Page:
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TOWARDS eleven o'clock, on the morning of the
third of November, the breakfast-table at Baliol
Cottage presented that essentially comfortless
appearance which is caused by a meal in a state
of transitionthat is to say, by a meal prepared
for two persons, which has been already partaken
of by one, and which has not yet been approached
by the other. It must be a hardy appetite which
can contemplate without a momentary discouragement,
the battered egg-shell, the fish half-stripped
to a skeleton, the crumbs in the plate, and the
dregs in the cup. There is surely a wise
submission to those weaknesses in human nature
which must be respected and not reproved, in
the sympathising rapidity with which servants in
places of public refreshment clear away all signs
of the customer in the past, from the eyes of the
customer in the present. Although his
predecessor may have been the wife of his bosom or
the child of his loins, no man can find himself
confronted at table by the traces of a vanished
eater, without a passing sense of injury in
connexion with the idea of his own meal.

Some such impression as this found its way
into the mind of Mr. Noel Vanstone, when he
entered the lonely breakfast-parlour at Baliol
Cottage, shortly after eleven o'clock. He looked
at the table with a frown, and rang the bell with
an expression of disgust.

"Clear away this mess," he said, when the
servant appeared. "Has your mistress gone?"

"Yes, sirnearly an hour ago."

"Is Louisa down stairs?"

"Yes, sir."

"When you have put the table right, send
Louisa up to me."

He walked away to the window. The momentary
irritation passed from his face; but it left
an expression there which remainedan expression
of pining discontent. Personally, his
marriage had altered him for the worse. His wizen
little cheeks were beginning to shrink into
hollows; his frail little figure had already
contracted a slight stoop. The former delicacy of
his complexion had gonethe sickly paleness of
it was all that remained. His thin flaxen
moustachios were no longer pragmatically waxed and
twisted into a curl: their weak feathery ends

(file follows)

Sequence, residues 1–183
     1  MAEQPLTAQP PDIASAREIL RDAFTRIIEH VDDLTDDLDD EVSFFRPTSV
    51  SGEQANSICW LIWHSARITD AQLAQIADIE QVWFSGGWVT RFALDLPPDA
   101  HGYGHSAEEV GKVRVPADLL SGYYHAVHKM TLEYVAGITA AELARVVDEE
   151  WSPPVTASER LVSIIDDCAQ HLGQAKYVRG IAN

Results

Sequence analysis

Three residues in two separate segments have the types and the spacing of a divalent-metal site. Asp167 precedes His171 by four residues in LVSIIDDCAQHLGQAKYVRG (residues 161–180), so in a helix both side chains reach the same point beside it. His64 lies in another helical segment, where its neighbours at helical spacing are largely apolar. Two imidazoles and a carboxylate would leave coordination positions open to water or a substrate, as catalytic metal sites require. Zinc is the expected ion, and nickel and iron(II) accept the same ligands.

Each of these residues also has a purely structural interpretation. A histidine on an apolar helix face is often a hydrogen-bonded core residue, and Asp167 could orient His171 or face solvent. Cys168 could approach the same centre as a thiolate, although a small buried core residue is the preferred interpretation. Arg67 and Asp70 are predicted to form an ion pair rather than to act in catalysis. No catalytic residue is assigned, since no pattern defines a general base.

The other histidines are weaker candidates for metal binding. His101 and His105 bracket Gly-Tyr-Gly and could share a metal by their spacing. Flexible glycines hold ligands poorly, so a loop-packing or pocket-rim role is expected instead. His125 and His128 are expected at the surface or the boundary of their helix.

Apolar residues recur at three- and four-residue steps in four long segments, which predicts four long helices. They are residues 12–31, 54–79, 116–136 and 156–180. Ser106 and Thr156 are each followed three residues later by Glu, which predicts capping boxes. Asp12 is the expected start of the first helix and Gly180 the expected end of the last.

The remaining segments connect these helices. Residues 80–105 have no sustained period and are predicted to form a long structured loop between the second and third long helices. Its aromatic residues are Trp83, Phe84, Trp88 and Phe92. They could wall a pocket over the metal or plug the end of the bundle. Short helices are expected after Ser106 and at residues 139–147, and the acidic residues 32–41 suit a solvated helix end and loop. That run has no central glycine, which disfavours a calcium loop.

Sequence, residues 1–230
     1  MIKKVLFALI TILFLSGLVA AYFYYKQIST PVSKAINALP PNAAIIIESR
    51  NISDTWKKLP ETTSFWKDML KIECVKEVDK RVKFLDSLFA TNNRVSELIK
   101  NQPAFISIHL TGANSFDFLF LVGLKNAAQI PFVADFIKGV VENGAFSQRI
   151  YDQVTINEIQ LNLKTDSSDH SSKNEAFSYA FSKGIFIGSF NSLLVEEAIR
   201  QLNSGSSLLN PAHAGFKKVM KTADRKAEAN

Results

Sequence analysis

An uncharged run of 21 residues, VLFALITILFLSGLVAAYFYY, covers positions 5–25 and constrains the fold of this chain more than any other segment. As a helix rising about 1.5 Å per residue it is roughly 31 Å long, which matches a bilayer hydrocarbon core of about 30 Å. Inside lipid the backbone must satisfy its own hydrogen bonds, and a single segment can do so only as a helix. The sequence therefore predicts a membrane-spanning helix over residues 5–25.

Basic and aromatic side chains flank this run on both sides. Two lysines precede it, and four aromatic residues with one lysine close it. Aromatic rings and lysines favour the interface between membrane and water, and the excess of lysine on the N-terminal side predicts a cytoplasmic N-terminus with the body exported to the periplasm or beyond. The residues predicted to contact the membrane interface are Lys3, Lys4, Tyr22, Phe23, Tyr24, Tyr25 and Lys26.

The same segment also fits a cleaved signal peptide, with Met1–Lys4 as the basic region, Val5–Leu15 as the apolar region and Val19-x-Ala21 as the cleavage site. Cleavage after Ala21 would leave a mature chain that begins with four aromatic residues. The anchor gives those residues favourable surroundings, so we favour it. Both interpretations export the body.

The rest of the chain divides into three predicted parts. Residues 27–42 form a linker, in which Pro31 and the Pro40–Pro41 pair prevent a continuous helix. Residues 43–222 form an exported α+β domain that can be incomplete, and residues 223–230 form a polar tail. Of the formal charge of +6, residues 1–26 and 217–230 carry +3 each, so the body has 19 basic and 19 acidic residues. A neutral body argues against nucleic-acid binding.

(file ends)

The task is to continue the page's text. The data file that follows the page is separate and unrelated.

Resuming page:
hung meekly pendent over the querulous corners
of his mouth. If the ten or twelve weeks since
his marriage, had been counted by his looks, they
might have reckoned as ten or twelve years. He
stood at the window mechanically picking leaves
from a pot of heath placed in front of it, and
drearily humming the forlorn fragment of a

The prospect from the window overlooked the
course of the Nith, at a bend of the river a few
miles above Dumfries. Here and there, through
wintry gaps in the wooded bank, broad tracts of
the level cultivated valley met the eye. Boats
passed on the river, and carts plodded along
the high road on their way to Dumfries. The
sky was clear; the November sun shone as
pleasantly as if the year had been younger by
two good months; and the view, noted in Scotland
for its bright and peaceful charm, was
presented at the best which its wintry aspect could
assume. If it had been hidden in mist or drenched
with rain, Mr. Noel Vanstone would, to all
appearance, have found it as attractive as he found
it now. He waited at the window until he
heard Louisa's knock at the doorthen turned
back sullenly to the breakfast-table and told her
to come in.

"Make the tea," he said. "I know nothing
about it. I'm left here neglected. Nobody
helps me."

The discreet Louisa silently and submissively

"Did your mistress leave any message for
me," he asked, "before she went away?"

"No message in particular, sir. My mistress
only said she should be too late, if she waited
breakfast any longer."

"Did she say nothing else?"

"She told me at the carriage-door, sir, that
she would most likely be back by the end of the

"Was she in good spirits at the carriage-

"No, sir. I thought my mistress seemed
very anxious and uneasy. Is there anything
more I can do, sir?"